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Masaru Imada Trio + 1: Planets (BBE)

Review of a 1977 recording by the Japanese pianist, now belatedly available to the general public

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Cover of Masaru Imada Trio +1 album Planets
Cover of Masaru Imada Trio +1 album Planets

Pianist Masaru Imada is still alive at 90 and living, I presume, somewhere in the Tokyo he’s called home for most of those 90 years. I’m wondering if he still works. I also wonder what he makes of this work from 1977, released originally on private press but brought, however belatedly, to the world at large this fall. Featuring drummer Tetsujiro Obara, bassist Kunimitsu Inaba, and—this deck’s resident joker—percussionist Yuji Imamura, Planets starts out close to, if not home, at least safety, with some requisite modal charts and easy-feeling swing. Stick with the three plus one, though, and listen to them fly further out when they try.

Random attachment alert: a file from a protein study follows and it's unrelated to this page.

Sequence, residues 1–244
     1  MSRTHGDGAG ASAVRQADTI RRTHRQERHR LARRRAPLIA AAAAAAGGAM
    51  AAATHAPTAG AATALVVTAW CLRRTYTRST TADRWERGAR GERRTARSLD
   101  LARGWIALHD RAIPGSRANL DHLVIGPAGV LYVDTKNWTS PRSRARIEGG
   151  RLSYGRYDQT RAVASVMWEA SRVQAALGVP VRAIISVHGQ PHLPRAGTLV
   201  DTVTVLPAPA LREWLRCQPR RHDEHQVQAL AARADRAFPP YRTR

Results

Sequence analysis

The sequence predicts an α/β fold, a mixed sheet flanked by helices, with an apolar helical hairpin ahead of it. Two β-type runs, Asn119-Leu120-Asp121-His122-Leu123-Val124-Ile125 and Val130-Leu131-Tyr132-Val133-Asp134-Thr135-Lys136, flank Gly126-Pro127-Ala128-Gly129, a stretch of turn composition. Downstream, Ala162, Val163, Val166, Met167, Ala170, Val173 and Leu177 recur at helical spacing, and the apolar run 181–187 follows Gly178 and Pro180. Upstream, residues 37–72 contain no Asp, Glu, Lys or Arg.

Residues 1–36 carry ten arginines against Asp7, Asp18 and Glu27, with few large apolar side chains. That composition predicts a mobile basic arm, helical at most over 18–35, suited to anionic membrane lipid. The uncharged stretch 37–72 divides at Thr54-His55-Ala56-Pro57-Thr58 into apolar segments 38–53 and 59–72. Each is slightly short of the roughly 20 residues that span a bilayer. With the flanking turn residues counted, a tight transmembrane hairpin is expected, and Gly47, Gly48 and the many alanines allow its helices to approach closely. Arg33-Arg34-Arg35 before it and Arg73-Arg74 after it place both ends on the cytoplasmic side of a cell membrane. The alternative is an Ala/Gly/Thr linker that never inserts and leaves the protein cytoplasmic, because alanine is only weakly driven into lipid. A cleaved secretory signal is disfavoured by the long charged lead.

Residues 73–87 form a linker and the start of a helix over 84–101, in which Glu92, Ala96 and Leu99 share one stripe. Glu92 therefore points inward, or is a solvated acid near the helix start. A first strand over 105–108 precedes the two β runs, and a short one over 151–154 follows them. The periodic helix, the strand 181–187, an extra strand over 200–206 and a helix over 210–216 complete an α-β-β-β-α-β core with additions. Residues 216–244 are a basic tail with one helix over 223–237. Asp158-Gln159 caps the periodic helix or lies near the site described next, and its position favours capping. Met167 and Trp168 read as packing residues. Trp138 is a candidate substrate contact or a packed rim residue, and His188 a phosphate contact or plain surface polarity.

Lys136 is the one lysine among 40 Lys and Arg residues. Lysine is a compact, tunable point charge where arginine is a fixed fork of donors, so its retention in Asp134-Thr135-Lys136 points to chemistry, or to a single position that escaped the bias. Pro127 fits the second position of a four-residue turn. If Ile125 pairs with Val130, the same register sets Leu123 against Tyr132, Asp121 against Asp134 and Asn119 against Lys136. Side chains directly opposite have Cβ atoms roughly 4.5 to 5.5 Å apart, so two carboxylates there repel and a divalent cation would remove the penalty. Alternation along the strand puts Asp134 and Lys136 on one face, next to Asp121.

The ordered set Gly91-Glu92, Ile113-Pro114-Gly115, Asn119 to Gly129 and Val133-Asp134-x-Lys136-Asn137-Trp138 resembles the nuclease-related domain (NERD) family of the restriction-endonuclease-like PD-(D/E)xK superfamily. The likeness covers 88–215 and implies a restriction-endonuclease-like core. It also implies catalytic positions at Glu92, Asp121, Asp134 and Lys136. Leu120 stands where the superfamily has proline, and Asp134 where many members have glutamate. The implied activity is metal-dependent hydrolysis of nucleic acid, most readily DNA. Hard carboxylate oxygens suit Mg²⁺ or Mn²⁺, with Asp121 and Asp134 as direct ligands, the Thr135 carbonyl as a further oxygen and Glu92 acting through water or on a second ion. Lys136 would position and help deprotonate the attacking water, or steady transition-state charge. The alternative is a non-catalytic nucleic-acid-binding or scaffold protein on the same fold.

Inaba’s walking bass waxes weirder and then more like a hop-skip. The others fall away, leaving him to convey the idea of slow travel—through water or space, no matter—through rolling notes and double stops until he’s playing the least he can possibly play and keep you convinced the speakers aren’t out. Obara steps to the fore, his rolls a little too soft for military might but ideal for this idea of steady-on. “A Marionette,” not quite as herky-jerky as the title might suggest, uses sparse chords and sustain for a portrait of a puppet on its strings, moved to motion, and swaths of elegance.

“Sea’s Pasture,” which I’m betting took up most of the original Side 2, gives us jazz as impressionistic marine life—much less surging seas and shocking sharks than a contemplative look at an ecosystem, festooned in Imamura’s filigree. The much-shorter alternate take appended at the end holds interest by contrast but consists mostly of condensed-sounding concepts already offered in full. Kudos to Imamura again, though, for skillful and resonant deployment of what sounds like a tabla. 

Learn more about Planets on Amazon

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